Geopolitics of Lunar Colonization: the Artemis, the IRLS or the Moon Village?


We might feel that the concept of lunar colonization belongs more to science fiction literature than everyday reality, but according to plans of the great powers, we might see the first permanent settlements within our lifetime. The United States and Sino-Russian space agencies are planning to walk on the Moon within the frame of the current decade and these trips are set to  only preface before more serious attempts at taming Earth’s natural satellite. However, given the clashing interests of the interested nations and the special status given to celestial bodies by the Cosmic Treaty, lunar colonisation might bring its own set of geopolitical, or rather astro-political, issues.

Not so distant future

Currently, we can talk about three main projects that choose the Moon as their target. There is a largely commercialised US lead initiative in the form of the Artemis Plan, Sino-Russian axis and EU’s project of so-called Moon Village. Though these projects are still in their infancy, especially in the case of the latter two projects, they nonetheless offer more or less concrete plans for the future role of the Moon as an avenue of mankind’s expansion.

Artemis is the program that is likely to be the first project to succeed. Though the first moon landing mission was supposed to take place in 2024, current estimates are that such landing will happen no sooner than 2025 [1], however, it is still likely it will achieve its goal sooner than the joint project of the Russian Federation and the People’s Republic of China that is plagued by the lack of coordination and political will to resolutely continue. Artemis itself is based on Space Directive 1[2], drafted by the late US President Donald Trump to make the USA the leader in the industry and with its ultimate goal to create a foundation for the future settlement of outer space [3]. The actual aims of the project are then to build a “Gateway” orbital station, land on the Moon’s surface and build a permanent settlement there [4]. Though the project is an essentially US initiative, it cooperates with other countries (such as Japan or the United Kingdom) and more notably also with commercial subjects and private entrepreneurs (such as Elon Musk’s SpaceX) [5].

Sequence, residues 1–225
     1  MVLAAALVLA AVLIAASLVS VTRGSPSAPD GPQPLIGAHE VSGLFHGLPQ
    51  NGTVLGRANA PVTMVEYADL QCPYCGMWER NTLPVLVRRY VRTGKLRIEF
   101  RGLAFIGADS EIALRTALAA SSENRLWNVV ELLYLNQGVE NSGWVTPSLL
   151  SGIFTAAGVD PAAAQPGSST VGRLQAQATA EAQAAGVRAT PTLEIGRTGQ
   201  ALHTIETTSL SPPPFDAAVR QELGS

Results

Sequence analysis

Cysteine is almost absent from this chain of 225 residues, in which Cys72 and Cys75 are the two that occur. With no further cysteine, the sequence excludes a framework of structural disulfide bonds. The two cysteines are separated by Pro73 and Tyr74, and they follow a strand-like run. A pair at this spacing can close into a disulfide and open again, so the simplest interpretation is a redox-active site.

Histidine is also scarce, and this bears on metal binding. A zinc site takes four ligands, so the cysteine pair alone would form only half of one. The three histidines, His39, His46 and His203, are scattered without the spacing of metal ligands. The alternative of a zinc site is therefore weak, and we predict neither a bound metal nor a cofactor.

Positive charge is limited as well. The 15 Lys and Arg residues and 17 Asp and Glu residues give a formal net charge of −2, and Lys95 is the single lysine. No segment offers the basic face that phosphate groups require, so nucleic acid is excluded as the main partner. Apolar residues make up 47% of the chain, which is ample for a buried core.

The other Moon targeting project is the International Lunar Research Station (ILRS), a joint project of Russia and PRC. In the roadmap they revealed in June of this year, they showed their plans for building a permanent settlement on the surface of the Moon that should start in 2025 [6]. However, unlike the US lead mission that focuses on the aspect of getting people (notably a first woman [8]) on the Moon’s surface as soon as possible, the Sino-Russian proposal is not planning any human landing until the next decade (8) However, there are some questions over the feasibility of the ILRS programme since it requires balanced cooperation of two sovereign great powers with their own political goals, needs rapid advancements in technology and will require a significant amount of wealth poured in, which is especially difficult in case of the Russian underfunded space program [9].

Lastly, we can talk about the EU’s project of “Moon village” that proposed the creation of a lunar colony that would not only be a physical place but rested on ideological and normative values of the European Union and shared with the whole international community [10]. However, given the lack of progress in the years following the declaration and since many of the nations that should be part of the Moon Village project decided to follow Artemis Plan instead is putting some serious doubts about the future of the project.

However, should at least two of these projects succeed, it is not unlikely that the goal of both these missions, a sustainable settlement on the Moon’s south pole, will become a new source of tension between the parties.

A picture from Apollo 11 expedition. Source: Picryl

Value of the Moon

Though the prospect of permanent Lunar settlement might not exactly seem reasonable, given the bleak picture of Moonscape and its inhospitable environment stemming from the lack of atmosphere, extreme temperatures and threat of solar radiation or asteroid impact, certain benefits could be exploited.